The middle

Doug Saunders considers the decline of centrist parties in the Western world.

The big-tent parties functioned, during their glory years in the postwar decades, as the paternal overlords of protected, closed national economies, engaging in brokerage politics whereby the fruits of growth could be spread out among clients and beneficiaries on the left and right. The big political parties were like family heirlooms, their loyalties kept for life and passed on between generations – badges of personal identity, like Ford and Chevy, Coke and Pepsi, Apple and Microsoft. Membership had its benefits.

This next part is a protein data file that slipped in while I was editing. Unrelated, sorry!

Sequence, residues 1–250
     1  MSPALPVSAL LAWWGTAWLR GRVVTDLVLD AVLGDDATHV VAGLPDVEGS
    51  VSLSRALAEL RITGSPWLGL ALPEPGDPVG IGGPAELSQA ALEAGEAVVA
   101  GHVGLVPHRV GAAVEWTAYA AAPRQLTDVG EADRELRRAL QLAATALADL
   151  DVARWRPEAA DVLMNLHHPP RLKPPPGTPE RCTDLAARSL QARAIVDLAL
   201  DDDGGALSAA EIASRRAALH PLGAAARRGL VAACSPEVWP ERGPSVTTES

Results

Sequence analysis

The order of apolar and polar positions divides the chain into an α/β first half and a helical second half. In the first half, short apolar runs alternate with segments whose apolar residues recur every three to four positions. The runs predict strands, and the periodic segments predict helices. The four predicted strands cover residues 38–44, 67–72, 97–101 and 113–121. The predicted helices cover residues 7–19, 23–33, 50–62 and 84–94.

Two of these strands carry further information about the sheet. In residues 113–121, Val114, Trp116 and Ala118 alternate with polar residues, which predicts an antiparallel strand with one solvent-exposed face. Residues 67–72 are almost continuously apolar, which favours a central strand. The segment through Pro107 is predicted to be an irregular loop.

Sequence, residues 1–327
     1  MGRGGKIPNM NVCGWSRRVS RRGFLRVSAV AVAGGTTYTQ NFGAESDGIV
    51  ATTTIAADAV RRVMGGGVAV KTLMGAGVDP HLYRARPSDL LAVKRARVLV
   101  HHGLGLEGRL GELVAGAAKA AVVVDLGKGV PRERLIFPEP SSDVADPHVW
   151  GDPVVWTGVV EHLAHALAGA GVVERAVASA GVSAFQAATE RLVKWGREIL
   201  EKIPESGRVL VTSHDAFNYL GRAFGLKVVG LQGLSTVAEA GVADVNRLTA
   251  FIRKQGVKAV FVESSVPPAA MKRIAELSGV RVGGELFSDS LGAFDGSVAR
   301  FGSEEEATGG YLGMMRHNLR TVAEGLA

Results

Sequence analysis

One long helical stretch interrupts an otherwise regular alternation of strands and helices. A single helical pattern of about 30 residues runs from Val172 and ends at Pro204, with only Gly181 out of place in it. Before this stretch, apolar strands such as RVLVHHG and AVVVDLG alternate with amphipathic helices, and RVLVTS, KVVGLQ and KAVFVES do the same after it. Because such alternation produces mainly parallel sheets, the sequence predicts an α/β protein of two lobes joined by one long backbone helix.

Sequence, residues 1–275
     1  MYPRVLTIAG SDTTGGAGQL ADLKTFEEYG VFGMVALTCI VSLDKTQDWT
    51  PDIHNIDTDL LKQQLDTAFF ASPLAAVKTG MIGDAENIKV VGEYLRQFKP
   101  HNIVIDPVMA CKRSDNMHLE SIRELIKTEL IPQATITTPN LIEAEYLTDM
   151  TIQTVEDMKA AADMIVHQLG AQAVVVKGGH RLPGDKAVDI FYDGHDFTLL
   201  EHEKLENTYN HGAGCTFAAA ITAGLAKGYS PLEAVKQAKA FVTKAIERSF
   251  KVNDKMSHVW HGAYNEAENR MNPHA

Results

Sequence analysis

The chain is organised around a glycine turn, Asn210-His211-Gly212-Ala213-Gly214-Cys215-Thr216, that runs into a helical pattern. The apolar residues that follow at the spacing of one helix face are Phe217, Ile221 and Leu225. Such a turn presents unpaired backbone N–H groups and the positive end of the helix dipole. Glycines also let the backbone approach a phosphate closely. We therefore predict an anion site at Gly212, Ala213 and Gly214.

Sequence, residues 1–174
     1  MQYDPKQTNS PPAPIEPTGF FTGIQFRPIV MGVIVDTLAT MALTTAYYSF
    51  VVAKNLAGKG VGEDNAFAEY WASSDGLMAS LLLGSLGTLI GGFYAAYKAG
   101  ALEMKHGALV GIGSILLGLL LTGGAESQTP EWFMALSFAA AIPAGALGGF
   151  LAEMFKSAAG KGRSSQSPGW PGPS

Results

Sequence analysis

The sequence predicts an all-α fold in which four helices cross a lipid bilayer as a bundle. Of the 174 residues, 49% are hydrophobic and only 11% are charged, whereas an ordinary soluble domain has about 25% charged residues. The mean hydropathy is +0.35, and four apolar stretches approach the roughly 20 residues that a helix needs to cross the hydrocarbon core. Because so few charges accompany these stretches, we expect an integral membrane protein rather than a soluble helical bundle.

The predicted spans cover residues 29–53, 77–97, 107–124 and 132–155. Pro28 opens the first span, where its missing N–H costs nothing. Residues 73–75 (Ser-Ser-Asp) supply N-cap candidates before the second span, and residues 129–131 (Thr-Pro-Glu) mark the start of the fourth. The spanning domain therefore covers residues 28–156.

But then, in the 2000s, there was what Bruno Cautrès, a political scientist at Paris’s Institute of Political Studies who analyzed dozens of elections, calls a “generational rupture”: Suddenly, he says, voters no longer see parties as badges of loyalty or symbols of lifelong personal identity, but as consumer products, as tools that can be used to address specific concerns.